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Creating a healing environment full of hope and a little bit of magic – this is the inspiration that has driven the design of the new hospital, which will soon welcome some of Finland’s youngest seriously ill patients, their families, and, of course, the medical staff that care for them.
“Hospitals are changing and have changed a lot to increasingly become environments that support health. We have – thankfully – moved away from the standard pale greens and yellows that used to equal hospital design,” says Elina Laitinen, design expert in KONE’s service design team.
An elevator can be much more than a grey steel box on a rope. And when it comes to sick kids and their caretakers, it needs to be.
“When we started thinking about this project, we started by considering the elevator as a complete sensory entity: sound, lighting, materials,” Elina says.
“We came up with completely new solutions, trying out, for example, different worlds of sounds. It was clear to us from the start that the elevators would need to have indirect lighting so that bed-bound patients wouldn’t be faced with glare when they entered the elevator.”
Glass artists at work
Materials and how they are treated are vital to the creation of a particular ambiance, as are lighting and sound. This is as true for an elevator as it is for any other space. But in a hospital environment, there are several factors in addition to aesthetics that need to be considered. There are strict guidelines regarding the characteristics of suitable materials, for example.
Materials need to be durable so they withstand heavy usage and the inevitable knocks and blows that come from transporting hospital beds and other equipment. They also need to be easy to clean to prevent the spread of germs, making three-dimensional materials tricky. Floor materials need to be selected to minimize the risk of slipping, they have to endure washing with water, and they need to be smooth enough for patients to be comfortable when they are moved in or out in a bed.
“At the same time, there are accessibility requirements relating to the height and positioning of different elements in the elevator car, their size, and so on. And for this reason we needed, for example to include conventional push buttons, even though they are trickier to clean,” says Elina.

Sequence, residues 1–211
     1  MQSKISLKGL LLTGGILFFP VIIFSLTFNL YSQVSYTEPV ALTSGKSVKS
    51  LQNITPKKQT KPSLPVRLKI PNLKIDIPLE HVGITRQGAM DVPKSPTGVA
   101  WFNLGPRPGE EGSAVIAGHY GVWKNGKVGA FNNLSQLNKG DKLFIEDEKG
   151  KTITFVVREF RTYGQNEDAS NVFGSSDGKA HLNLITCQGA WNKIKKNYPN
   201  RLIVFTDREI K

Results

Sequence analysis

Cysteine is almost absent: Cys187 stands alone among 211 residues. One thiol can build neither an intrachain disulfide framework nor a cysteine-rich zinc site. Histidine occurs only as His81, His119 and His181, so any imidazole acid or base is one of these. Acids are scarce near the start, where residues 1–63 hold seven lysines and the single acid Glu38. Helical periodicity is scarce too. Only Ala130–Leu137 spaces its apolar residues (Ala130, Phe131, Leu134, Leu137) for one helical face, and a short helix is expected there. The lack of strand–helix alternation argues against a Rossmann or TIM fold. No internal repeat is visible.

And beauty, of course, is always an important design consideration.
“Glass is an amazing material because when you layer it with mirrors, satin, print, or something else still, you get really different effects. Glass reflects surroundings and light to create a sense of space,” says Elina, adding that KONE worked closely with a glass supplier in Italy to create the unique walls of the elevators. The methods used included digital printing on glass, the insertion of colored films between layers of glass and mirrored glass.
“We have been among the first to use glass treated in these ways in the construction industry,” Elina says.
At the concept phase, the KONE team started also with a standard elevator, trying out decorative tapes and other simple solutions for adding design elements to the basic car. While SARC Architects and Architect Group Reino Koivula, Inc. were responsible for the overall design of the New Children’s Hospital, including the elevators, the KONE team created prototypes for them to review.
The design of the entire hospital takes its inspiration from Finnish author and artist Tove Janssons’ Moomin stories, many of which are filled with elements of nature – islands, forests, the sea, the stars – and often deal with difficult themes such as friendship, loss, and forgiveness. Often, though, the adventures end on an optimistic and comforting note.
In the end, what left the KONE factory in Hyvinkää, Finland, were true pieces of art that add a bit of magic to allure visitors of all ages as they journey through the New Children’s Hospital, which will open its doors during the end of 2017 and 2018.
To read more about the New Children’s Hospital, please visit the Moomin Characters website.